Even if Jason Marquis isn’t a great pitcher, he’s definitely a great pitchman. When the Mets had some interest in him he went all-in on his “I’m a New York guy” spiel. Now that the Mets’ interest has cooled, he has launched straight into “I can help the Nats” mode:
Marquis said he can be one person who can help Washington’s young
pitching staff, which includes John Lannan and Garrett Mock. Marquis
indicated that he can teach the young kids what he learned from
veterans like Tom Glavine, Greg Maddux, Chris Carpenter and Matt
Morris . . . “Learning from those veterans, learning how to win and
recognizing situations, I felt I brought that to the table in Colorado
and I really helped … De La Rosa and Jimenez, who were trying to get
over that hump,” said Marquis. “I feel I could bring that [kind of
leadership] to a team.”
I’m dubious that his hanging around guys like Maddux, Glavine, Carpenter and Morris will help Washington’s young pitchers too much, because it’s really not all that apparent that it has helped Marquis. For all of his available mentors, he’s more or less the same pitcher he’s always been — inconsistent — and there aren’t a lot of examples of that kind of osmosis working with many guys. If it did, Horacio Ramirez would be better.
But Marquis would be a useful addition in Washington. Partially because what he brings — a lot of average/occasionally above-average innings — is something Washington could definitely use. And while the mentorship thing may not work the way Marquis suggests it does, having a guy who actually wants to pitch in Washington and wants to help the young pitchers would be a definite plus for the Nationals.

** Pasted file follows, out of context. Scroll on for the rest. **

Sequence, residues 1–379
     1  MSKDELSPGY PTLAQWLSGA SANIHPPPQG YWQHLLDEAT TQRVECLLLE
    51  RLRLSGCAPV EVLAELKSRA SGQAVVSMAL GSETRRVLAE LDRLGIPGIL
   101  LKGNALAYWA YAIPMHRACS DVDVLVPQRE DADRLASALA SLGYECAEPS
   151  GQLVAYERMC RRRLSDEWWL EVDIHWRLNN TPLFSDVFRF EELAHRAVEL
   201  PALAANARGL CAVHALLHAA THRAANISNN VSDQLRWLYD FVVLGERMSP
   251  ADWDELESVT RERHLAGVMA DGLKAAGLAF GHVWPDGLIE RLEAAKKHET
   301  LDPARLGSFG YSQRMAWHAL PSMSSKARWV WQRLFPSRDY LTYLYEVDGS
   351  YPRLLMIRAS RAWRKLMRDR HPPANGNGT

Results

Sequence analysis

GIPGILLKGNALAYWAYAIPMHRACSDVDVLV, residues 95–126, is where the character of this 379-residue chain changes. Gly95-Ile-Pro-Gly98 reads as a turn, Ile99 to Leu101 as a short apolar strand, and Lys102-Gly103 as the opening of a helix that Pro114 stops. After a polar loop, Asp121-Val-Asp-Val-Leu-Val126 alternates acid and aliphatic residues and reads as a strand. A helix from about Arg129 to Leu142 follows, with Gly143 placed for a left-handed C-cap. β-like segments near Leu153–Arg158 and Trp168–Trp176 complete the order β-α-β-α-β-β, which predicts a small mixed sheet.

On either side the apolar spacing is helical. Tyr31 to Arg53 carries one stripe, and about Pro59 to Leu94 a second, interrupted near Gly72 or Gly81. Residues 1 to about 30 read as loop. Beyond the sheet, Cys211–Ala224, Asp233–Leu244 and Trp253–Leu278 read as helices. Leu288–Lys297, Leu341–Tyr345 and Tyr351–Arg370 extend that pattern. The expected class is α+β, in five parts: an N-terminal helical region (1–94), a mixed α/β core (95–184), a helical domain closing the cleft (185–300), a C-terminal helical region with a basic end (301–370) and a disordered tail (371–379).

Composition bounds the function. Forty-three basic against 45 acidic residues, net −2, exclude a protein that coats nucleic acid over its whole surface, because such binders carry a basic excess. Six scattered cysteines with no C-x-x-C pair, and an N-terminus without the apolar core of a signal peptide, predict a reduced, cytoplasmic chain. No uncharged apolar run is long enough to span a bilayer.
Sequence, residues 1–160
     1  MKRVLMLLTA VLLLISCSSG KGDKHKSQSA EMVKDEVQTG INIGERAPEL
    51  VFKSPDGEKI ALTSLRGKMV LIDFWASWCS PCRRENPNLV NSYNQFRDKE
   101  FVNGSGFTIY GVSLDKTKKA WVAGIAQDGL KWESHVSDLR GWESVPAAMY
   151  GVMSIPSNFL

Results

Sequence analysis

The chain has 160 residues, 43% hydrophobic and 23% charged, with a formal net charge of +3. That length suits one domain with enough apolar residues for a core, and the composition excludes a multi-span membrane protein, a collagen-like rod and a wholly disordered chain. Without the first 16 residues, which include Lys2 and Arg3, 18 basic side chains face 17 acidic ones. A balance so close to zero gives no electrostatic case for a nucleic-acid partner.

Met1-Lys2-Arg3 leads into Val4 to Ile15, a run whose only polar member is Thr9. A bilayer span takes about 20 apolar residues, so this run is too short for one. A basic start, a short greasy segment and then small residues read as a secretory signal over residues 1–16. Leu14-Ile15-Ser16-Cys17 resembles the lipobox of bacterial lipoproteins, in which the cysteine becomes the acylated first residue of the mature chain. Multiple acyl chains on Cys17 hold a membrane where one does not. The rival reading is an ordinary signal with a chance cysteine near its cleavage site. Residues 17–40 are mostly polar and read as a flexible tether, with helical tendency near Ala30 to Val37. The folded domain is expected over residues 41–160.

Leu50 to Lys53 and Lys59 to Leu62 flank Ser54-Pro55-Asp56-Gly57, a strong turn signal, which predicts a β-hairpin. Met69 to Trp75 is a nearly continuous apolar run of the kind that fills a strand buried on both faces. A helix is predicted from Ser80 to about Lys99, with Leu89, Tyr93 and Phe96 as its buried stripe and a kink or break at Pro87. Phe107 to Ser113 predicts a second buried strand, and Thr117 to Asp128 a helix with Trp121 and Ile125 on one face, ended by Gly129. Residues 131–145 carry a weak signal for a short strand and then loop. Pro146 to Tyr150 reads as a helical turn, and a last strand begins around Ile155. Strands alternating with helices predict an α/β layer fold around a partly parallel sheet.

The Astros’ bullpen did yeoman’s work in place of the injured Dallas Keuchel on Monday against the Tigers. Keuchel is temporarily sidelined with a pinched nerve in his neck.
Brad Peacock made the spot start, limiting the Tigers to one hit and two walks with eight strikeouts over 4 1/3 innings. Chris Devenski took over with one out in the fifth, finishing out that inning as well as the sixth and seventh, facing the minimum. Will Harris pitched a perfect eighth and Ken Giles closed out the 1-0 victory in the ninth. Devenski, Harris, and Giles each had two strikeouts.
The Astros scored their only run in the bottom of the first inning as George Springer drew a leadoff walk, then scored on Jose Altuve‘s one-out double. Tigers starter Brad Fulmer pitched well enough to win on most days, giving up the lone run in seven frames.
After Monday’s win, the Astros became the first team to reach 30 wins, sitting on a 30-15 record. With a +55 run differential, even their expected record matches up with their actual record.
Braves second baseman Brandon Phillips became the 337th player in baseball history to hit 200 career home runs, driving a solo home run to left-center field during Monday night’s home game against the Pirates. Phillips is the 14th second baseman (who played a min. of 75 percent of his career games at the position) to rack up at least 200 career home runs.
Phillips, 35, entered Monday’s action batting .290/.345/.405 with two home runs and 12 RBI in 142 plate appearances. If he’s anything, he’s consistent, as he finished with an adjusted OPS between 90-99 (100 is average) every year between 2012-16 and it was sitting at 97 coming into Monday.